CSU students fight proposed tuition increase, citing concerns about diversity, retention
Sabina Gebru is what Colorado State University administrators were seeking in their focus to recruit and retain more first-generation students and students of color to add diversity to the main campus in Fort Collins.
The 19-year-old from Aurora is the daughter of Ethiopian immigrants, working in multiple roles designed to bring more students like her to CSU. She serves as an inclusive community assistant for the university’s housing and dining services and in its Black/African American Cultural Center, and was elected co-president of the Black Student Alliance.
Gebru is a third-year student who knows she is helping CSU serve other first-generation students and students of color. But she and others believe those efforts will be harmed if a proposed tuition increase of 3% to 4% for in-state students and 4% to 5% for nonresidents for the 2023-24 school year is approved by the CSU System Board of Governors.
Given the university’s own estimates that an undergraduate, in-state student will spend an average of $30,000 to attend CSU each year, that additional $390 to $580 next year — depending on a student’s area of study and number of credits already completed — might seem insignificant.
For some, though, it will be the breaking point that prevents them from earning a degree from CSU, student government leaders said.
CSU students petition university leaders to avoid tuition increases
An online petition started by students opposing the tuition increase had more than 1,200 signatures as of Wednesday, and they hope to get 10,000 — more than one-third of the 27,956 students taking classes on the Fort Collins campus during the fall semester.
“We’ve heard comments from scores and scores of students that say they’re struggling financially,” said Nick DeSalvo, the Associated Students of CSU’s speaker of the senate. “Between the tuition increase and the cost of living in Fort Collins, they won’t be able to come to CSU next year. This just makes CSU more inaccessible.”
In-state, full-time undergraduate students at CSU are paying a base rate of $12,874 in tuition and fees, while nonresidents are paying a base rate of $32,734. The University of Colorado, the only other university in the state classified as a major research university, is charging full-time undergraduate students $13,106 to $18,578 in tuition and fees — rates differ by major — and nonresidents $40,356 to $43,960.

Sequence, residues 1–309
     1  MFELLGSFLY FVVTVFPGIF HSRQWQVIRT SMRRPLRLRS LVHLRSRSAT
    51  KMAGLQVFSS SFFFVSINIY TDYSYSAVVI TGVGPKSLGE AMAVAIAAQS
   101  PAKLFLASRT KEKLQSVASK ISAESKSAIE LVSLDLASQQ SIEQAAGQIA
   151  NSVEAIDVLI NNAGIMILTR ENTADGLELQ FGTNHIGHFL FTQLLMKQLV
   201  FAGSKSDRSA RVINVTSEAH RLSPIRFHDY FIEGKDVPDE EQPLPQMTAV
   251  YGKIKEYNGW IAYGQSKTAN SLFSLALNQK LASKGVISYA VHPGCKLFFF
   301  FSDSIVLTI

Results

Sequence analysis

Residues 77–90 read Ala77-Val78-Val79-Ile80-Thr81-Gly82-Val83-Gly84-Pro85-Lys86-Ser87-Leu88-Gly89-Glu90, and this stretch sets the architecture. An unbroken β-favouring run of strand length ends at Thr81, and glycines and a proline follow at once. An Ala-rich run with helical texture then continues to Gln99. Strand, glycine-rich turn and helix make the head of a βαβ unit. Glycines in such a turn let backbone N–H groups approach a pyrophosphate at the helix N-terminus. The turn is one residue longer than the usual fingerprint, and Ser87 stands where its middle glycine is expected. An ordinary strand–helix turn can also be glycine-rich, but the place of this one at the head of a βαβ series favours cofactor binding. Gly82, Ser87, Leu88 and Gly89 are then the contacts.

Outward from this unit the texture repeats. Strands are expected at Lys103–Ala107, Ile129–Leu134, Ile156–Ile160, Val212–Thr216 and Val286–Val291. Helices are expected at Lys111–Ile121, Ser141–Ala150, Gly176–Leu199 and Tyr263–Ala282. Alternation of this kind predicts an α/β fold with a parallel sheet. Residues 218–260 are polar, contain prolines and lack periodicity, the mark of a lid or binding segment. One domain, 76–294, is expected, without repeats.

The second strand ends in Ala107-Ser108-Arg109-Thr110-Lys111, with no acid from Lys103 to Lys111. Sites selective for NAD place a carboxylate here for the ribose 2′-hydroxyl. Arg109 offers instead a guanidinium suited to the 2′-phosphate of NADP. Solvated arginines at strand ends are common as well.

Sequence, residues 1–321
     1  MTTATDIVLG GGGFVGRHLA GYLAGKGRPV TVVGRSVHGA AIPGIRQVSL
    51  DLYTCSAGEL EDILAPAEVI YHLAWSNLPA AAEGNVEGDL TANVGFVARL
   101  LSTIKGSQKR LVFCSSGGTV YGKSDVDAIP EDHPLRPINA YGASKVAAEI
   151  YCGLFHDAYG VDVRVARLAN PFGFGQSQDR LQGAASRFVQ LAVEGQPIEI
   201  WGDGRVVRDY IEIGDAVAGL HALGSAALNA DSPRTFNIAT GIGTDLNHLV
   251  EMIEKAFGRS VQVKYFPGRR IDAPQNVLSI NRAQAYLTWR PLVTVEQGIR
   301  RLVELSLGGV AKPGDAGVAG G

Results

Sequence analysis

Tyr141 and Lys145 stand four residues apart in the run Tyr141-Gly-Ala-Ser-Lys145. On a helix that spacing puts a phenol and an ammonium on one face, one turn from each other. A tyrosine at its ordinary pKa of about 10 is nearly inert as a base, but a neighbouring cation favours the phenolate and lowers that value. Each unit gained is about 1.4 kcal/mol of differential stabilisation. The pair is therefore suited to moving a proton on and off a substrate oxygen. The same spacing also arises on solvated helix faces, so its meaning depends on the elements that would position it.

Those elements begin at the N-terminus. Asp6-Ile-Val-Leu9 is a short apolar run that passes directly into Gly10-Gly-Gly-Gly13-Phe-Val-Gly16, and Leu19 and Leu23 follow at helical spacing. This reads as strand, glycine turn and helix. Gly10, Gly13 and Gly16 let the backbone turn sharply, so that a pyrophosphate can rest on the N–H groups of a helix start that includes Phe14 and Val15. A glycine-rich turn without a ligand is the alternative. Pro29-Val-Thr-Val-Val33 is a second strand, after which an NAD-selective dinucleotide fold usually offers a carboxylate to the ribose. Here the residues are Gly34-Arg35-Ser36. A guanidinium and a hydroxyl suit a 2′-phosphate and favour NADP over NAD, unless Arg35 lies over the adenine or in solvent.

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Camila Canet, an international student from Manzanillo, Mexico, might be one of the CSU students leaving because of the cost of attendance. Although she would rather remain in Fort Collins, where she regularly came to visit her grandparents while growing up, she is applying to several colleges in Europe to complete her undergraduate degree in psychology. She said tuition and fees will be about $2,000 less per year.
The proposed tuition increase for nonresident students of $597 to $1,552 — depending on a student’s area of study and number of credits already completed — presents a challenge, she said, for international students who are limited by their visas to a maximum of 20 hours of work per week and only in supervised, on-campus jobs.
“If it were up to me, I’d work multiple jobs off campus and on campus” to help her financial situation and ability to remain at CSU. “But I can’t.”
Students working long hours, multiple jobs to attend CSU
Gebru had five jobs on campus last semester and now has seven, requiring her to work about 70 hours a week on top of her full-time course load. Her duties as an inclusive community assistant include free on-campus housing in Laurel Village and a meal plan, valued at $8,855 per semester. That covers about half of her total cost of attendance, she said. Financial aid, including scholarships, offsets some of her tuition and fees, but she still struggles to earn enough money to stay in school.